Sometimes we like it inside, but sometimes we like it out on the street. As an urban campus, food trucks are important to us here at Drexel. They mean we get to eat what we like at a price we like it. They offer variety, flexibility, and a wide array of cultural cuisines. They rotate frequently, so frequently you’ll often be surprised by what you can find.
Councilwoman Jannie Blackwell has introduced bill No. 150600, an amendment to the “Sidewalk Vendors in Neighborhood Business Districts” section of the city code, which will limit the total number of vendors on Drexel’s campus to 25, and are prohibiting vending at any but approved locations. What does this mean in practice? No more food trucks on 32nd Street, or north of Arch Street, and since it the amendment limits food truck operating hours, Insomnia Cookies will become Kind-of-Late-for-a-Weeknight Cookies. Ostensibly this amendment addresses concerns about pedestrian and crosswalk safety, as well as vendor licenses and inspections, but it completely neglects the culture that the University has developed around food trucks.
What the Editorial Board cannot understand about this amendment, is why is it needed? Certainly there is an issue with pedestrian safety at 32nd and Market Streets which is exacerbated by food trucks, but why revamp the whole system to get three food trucks to move? The amendment bans food trucks at that location, and also slaps them with a wide variety of new regulations, on what kind of generators they can use, additional inspections, guarantees that food trucks are roadworthy (sometimes a genuine concern for vendors on Ludlow between 31st and 32nd, potentially) and formal leases on allowed food truck spaces.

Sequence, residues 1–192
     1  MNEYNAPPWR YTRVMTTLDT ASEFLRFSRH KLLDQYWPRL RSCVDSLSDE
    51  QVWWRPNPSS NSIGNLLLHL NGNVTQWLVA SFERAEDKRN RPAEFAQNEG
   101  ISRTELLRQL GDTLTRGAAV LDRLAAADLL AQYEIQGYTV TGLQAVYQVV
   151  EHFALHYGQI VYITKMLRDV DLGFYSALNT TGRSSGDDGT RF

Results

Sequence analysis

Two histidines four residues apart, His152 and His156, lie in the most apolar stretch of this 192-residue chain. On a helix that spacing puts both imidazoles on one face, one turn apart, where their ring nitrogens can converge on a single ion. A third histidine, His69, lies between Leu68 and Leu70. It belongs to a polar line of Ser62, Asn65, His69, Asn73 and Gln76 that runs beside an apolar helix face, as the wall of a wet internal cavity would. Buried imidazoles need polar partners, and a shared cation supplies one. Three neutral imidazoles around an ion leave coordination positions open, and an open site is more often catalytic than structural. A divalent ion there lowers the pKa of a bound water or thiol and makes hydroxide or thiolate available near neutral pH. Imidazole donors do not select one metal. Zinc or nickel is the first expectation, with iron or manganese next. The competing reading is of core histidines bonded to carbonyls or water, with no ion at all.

The amendment is also being pushed as a method to improve hygiene, but all trucks already have a food service license and are subject to regular health inspections, same as a restaurant kitchen. There is no need for more regulation here.
Right now we have a large selection of lightly-regulated food trucks that must compete in order to sustain customers, a facet of the system which acts as a sort of checks-and-balance system for quality. Long term licenses for vending spots would mean that food truck owners would have no incentive to improve. What’s the point if there’s no chance anyone can take their spot? We like our rotating, unpredictable, cheap and enormously varied food truck selection, thank you very much. We’re certainly not getting any of those at the Handschumacher Dining Center.
This amendment is an unnecessarily ham-fisted attempt to control food trucks in Drexel’s campus, and will only result in damage to our vibrant and popular food truck scene. The Editorial Board urges Philadelphia City Council to vote “no” on Bill No. 150600.